Built This Way BIAS – exhibition that aims to expose bias in AI

B.J. Quinn


Following the easing of lockdown restrictions, the Science Gallery at Trinity College Dublin reopened its doors to the public last October with a launch party for BIAS: Built This Way — a free, interactive, wholly thought-provoking exhibition that explores preferences, prejudices and digital equity. The exhibition is due to run until February 28th, when the gallery is sadly expected to close for good. 

“BIAS is a lens that distorts how we understand the world, warping our perception of reality in ways that are often unconscious and deeply ingrained,” says BIAS curator Julia Kaganskiy.  “But where does it come from? And what can we do about it?”

Featuring new commissions from fresh Irish and international artists, and collaborations with expert researchers from ADAPT, the SFI Research Centre for AI-Driven Digital Content Technology, the exhibition will interrogate how prejudice can move quickly from human to machine as algorithms and artificial intelligence systems are encoded by humans with very human values, preferences and predispositions.

Ireland has the largest number of AI start-up companies in Europe and has recently published the National Artificial Intelligence Strategy, positioning Ireland as an international leader in using AI. At a local level, understanding AI has never been more essential. These technologies have global consequences – AI systems can benefit innovation that help both our economy and society, but when used irresponsibly can reinforce and amplify social bias. 

The exhibition tackles some heavy subjects and complex questions – Can understanding human bias help build more ethical AI? Can understanding machine bias help build more equitable societies? What can a deeper look in humans and machines teach us about ourselves? A subject which can appear very complicated and hard to understand at first. Thankfully, the Science Gallery has a team of friendly volunteers on hand, who are not only extremely knowledgeable but explain these dense concepts in ways simple to understand.

Cloud Face by Shinseungback Kimyonghun is one of the first pieces you’ll come across. Apophenia is the name given to the human tendency to find meaning in random data: between things that have no relationship to one another. The most common example for humans is our habit of seeing faces in the clouds. Consisting of 24 square mounted photos of clouds, Cloud Face shows us what happens when machines make the same mistake we do, as each photo has been classified in error as human faces by artificial intelligence.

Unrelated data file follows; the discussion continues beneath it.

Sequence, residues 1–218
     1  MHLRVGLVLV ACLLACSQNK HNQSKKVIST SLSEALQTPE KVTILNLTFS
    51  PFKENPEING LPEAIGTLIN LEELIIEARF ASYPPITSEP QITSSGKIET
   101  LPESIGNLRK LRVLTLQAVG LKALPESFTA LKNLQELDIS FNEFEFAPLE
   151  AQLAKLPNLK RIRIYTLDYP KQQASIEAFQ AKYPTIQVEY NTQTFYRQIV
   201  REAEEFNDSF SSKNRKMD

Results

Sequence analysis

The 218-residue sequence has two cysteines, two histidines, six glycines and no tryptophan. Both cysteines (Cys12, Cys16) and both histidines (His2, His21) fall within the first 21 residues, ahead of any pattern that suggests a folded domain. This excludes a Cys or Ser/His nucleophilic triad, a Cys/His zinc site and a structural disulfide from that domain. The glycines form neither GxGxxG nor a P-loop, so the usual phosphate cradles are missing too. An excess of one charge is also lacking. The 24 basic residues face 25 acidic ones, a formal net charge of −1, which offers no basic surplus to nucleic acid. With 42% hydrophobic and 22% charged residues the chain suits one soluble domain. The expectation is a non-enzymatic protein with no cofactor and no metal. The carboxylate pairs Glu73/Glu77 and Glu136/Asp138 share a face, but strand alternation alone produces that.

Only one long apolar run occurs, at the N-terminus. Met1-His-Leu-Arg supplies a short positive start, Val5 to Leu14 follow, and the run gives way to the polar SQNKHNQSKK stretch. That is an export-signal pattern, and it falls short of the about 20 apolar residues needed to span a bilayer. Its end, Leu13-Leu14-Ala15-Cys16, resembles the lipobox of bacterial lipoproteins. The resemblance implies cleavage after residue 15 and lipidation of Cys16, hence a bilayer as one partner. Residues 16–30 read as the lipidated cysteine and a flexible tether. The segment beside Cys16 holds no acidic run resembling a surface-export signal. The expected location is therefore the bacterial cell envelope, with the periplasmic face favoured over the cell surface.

Still, think of Cloud Face as an appetizer. One of the most enjoyable exhibits – and the one that attracted the largest crowds during my visit – is SKU-Market by artists Laura Allcorn and Jennifer Edmond. Essentially, SKU-Market is a satirical mini-market that explores how our purchasing habits and online behaviours can be interpreted, misconstrued and used to shape our lives in surprising ways. You are instructed to mobile-scan various items – a selection which includes equal rights t-shirts, daily astrology apps, VR headsets, rosé and bamboo toilet paper, to name just a few. Then at the Self-Checkout section, you print your receipt to see how the machine’s algorithm interpreted your purchases to create a vivid picture of who you are. 

According to SKU, I “sometimes rebel against myself but don’t have to” – not a great start. I’m also “highly cautious with sneaking suspicions” – getting warmer. And I “might also like boundaries, independent films, and black and white choices” – bingo! Of course, it’s all meant to be taken with a pinch of salt, but there is an inherent thrill of being psychoanalyzed by a machine.

The exhibition continues on the top floor of the Science Gallery, where you’ll come across more fascinating installations, including Risa Puno’s and Alex Taylor’s Most Likely To Succeed. This interactive exhibit, developed with Accenture Labs, gives you the chance to prove your skills in an exciting tactile game requiring focus and dexterity. By altering a tilting platform, players are tasked with getting as many balls through a maze as possible before time runs out! Sounds fun, but there’s method behind the madness: in theory, the piece aims to examine the construction and application of AI models through the subjective lens of fairness.

Of course, not all the exhibits require you to ‘tilt’ this and ‘scan’ that; some are waiting for you to look but not touch. Zizi – Queering the Dataset by London-based media artist Jake Elwes is a perfect example. Its aim is to tackle the lack of gender representation in the training datasets often used by facial recognition systems. Across three digital screens, we watch a procession of faces of drag artists in constant transition. What this does is cause the AI to shift away from the normative identities it was originally trained on and into a space of queerness. 

Public information notices are also dotted throughout the exhibition, detailing important studies on how we interact with technology. One which is sure to prompt interest describes the ways in which phones are designed to grab our attention and hold it there for as long as possible. The exhibit goes through every feature, colour and sound on your phone, and explains how each is optimised by teams of designers and psychologists to keep you hooked. 
With the Science Gallery set to close its doors this February, BIAS offers a grand send-off by exploring what a deeper look at the world can teach us about ourselves.

BIAS: Built This Way is free entry and no pre-booking is required, but, in following Covid protocol, you will be asked to sign in at the front desk. 

BIAS was curated with Julia Kaganskiy and ADAPT, the Science Foundation Ireland Research Centre for AI Driven Digital Content Technology.